Everyone has heard that they need to eat fiber, but few people really know what it is and why it is so important. Fiber is a form of carbohydrate along with sugars and starches. Unlike sugars and starch fiber cannot be used for energy because it cannot be broken down into sugar. Starch and sugars both end us as blood sugar aka glucose.
Starches are simply multiple units of sugar hooked together, and we have enzymes that break them apart so we can use the sugar for fuel. Fiber is also multiple units of sugar hooked together, but humans lack the enzymes necessary to break it down into sugars so it is not absorbed. This is very important when thinking about carbohydrate containing foods because they are NOT all the same.
For example, a glass of fruit juice is essentially a glass of sugar water with some beneficial plant chemicals and in many cases a nice dose of vitamin C. It can dramatically boost blood sugar, and if you consume too much it can definitely drive weight gain. While a large serving of brocolli is mostly fiber with little sugar and starch and is also chock full of beneficial plant chemicals, but with almost no effect on blood sugar!
There are two main types of fiber – soluble and insoluble. Ideally you want to eat both. There is also a third type of fiber called “Digestive Resistant Starch” (see https://workoutanytime.blogspot.com/2017/10/digestion-resistant-starch-all-starch.html )
Soluble fiber, found in foods such as cucumbers, blueberries, and beans, has a gel-like consistency and slows down your digestion. This helps with satiety (feeling satisfied). It also slows the break down and absorption of cholesterol and other nutrients like starches and sugar which can help lower cholesterol and control blood sugar. Some foods with soluble fiber also help feed the good bacteria in your digestive tract.
Insoluble fiber is found in foods like green, leafy veggies, green beans, and celery. It does not dissolve to a gel and stays intact as it moves through your colon. By adding bulk, it helps food move more quickly through your digestive tract reducing transit time. Insoluble Fiber is sometimes referred to as “roughage”, and it along with soluble fiber can help with constipation.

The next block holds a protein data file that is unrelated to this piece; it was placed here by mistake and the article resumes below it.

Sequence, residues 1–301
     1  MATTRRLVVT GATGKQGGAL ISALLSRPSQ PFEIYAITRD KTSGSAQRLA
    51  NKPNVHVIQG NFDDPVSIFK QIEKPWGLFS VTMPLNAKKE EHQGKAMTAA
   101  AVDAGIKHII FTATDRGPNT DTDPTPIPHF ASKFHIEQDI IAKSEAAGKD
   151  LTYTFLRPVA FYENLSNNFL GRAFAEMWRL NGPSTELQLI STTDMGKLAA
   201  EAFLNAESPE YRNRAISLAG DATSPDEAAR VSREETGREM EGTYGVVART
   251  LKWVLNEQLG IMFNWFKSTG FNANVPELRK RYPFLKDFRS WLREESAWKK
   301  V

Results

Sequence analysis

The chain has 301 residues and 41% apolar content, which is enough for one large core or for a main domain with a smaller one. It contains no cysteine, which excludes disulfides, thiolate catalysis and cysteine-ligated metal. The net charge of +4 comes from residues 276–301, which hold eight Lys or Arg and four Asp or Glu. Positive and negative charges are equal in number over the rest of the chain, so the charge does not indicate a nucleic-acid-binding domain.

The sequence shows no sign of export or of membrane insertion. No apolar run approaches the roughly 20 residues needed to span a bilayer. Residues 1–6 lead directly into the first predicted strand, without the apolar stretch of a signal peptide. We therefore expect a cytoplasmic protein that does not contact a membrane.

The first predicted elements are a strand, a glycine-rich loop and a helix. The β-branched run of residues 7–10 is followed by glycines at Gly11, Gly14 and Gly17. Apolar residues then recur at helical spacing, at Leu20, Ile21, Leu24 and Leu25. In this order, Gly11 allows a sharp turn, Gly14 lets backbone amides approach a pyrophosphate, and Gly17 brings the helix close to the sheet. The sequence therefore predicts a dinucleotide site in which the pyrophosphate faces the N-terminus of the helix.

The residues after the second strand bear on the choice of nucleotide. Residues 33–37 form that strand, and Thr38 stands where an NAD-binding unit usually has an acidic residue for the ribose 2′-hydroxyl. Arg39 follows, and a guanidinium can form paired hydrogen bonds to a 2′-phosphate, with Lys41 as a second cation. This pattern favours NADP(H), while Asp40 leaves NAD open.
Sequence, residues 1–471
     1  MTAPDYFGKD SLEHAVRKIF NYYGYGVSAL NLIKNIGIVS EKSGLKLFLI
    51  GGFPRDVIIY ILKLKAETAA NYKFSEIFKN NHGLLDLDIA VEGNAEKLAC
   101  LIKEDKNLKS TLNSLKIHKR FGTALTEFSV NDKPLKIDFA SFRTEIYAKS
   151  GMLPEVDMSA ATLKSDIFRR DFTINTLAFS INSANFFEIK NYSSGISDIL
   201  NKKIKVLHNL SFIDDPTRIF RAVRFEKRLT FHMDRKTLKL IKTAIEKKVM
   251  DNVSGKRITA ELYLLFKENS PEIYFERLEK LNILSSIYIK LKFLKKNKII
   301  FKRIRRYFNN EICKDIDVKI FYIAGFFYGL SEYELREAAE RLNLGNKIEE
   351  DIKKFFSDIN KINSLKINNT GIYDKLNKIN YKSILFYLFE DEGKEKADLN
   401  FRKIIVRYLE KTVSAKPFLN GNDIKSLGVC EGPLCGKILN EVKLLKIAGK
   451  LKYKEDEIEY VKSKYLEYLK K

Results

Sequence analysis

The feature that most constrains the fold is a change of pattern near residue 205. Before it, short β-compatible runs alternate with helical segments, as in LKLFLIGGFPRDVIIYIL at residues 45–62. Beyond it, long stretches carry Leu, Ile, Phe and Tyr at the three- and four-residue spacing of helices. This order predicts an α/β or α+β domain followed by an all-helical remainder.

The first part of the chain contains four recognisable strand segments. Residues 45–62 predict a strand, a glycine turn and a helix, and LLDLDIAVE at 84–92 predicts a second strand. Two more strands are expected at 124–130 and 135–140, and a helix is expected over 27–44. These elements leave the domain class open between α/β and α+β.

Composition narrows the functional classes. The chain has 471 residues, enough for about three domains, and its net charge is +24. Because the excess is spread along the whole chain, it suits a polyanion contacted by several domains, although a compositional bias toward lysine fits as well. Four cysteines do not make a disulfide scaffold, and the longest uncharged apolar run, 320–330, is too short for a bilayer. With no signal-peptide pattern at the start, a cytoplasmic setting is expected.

Benefits of High Fiber Intake
Fiber intake is very important for keeping blood sugar levels under control, and studies have shown that people who take in at least 26 grams of fiber per day had a much lower risk of developing Type 2 Diabetes.
There is also an inverse relationship between fiber intake and heart attack, with research showing that people eating a high fiber diet have a 40 percent lower risk of heart disease. High fiber diets may also help lower blood pressure.
Another interesting research finding about fiber is that for every 7 grams of fiber you consume each day your stroke risk is decreased 7 percent. To put this into perspective this equates to about 2 servings of fruits and vegetables.
Fiber, and psyllium in particular, can help move yeasts and fungus out of your digestive system which may help prevent them from triggering acne and rashes.
Fiber can also provide relief from irritable bowel syndrome in many people.
Fiber intake may also help reduce the risk of gallstones and kidney stones probably through its action in controlling blood sugar.
Sources of Fiber
Contrary to popular opinion grains are probably not your best source of fiber. Unfortunately, non-organic grains are chock full of glyphosate which is pesticide banned in most other countries outside the US because they have no allegiance to Monsanto who produces it.
A high grain diet promotes insulin and leptin resistance thereby increasing your risk for Type 2 Diabetes, Heart Disease and Cancer.
Better choices of fiber includes Organic Whole Husk Psyllium. If you use this supplement it is critical to get organic psyllium as non-organic psyllium is heavily sprayed with chemicals. Other great sources include chia seeds, berries, root vegetables such as sweet potato, peas and beans, mushrooms, broccoli, cauliflower, Brussel sprouts and celery.
How much fiber?
Experts recommend that woman eat a minimum of 25 grams of fiber per day and men consume 38 grams per day. However higher intakes may be more beneficial.
It is important to SLOWLY increase your fiber intake and keep your water intake high to prevent potential issues caused by eating fiber without sufficient fluid.
There are circumstances where high fiber intake is contraindicated and timing for fiber intake relative to drugs and supplements is important. People with chronic digestive issues may need to remove fiber for some period of time because fiber feeds the bacteria in your gut. Although as a general rule this is highly beneficial there are circumstances where high fiber intake can feed the wrong microorganisms such as pathogenic bacteria.
Fiber can also bind certain medications and minerals dramatically reducing their absorption so many drugs and mineral supplements should not be taken at the same time as fiber.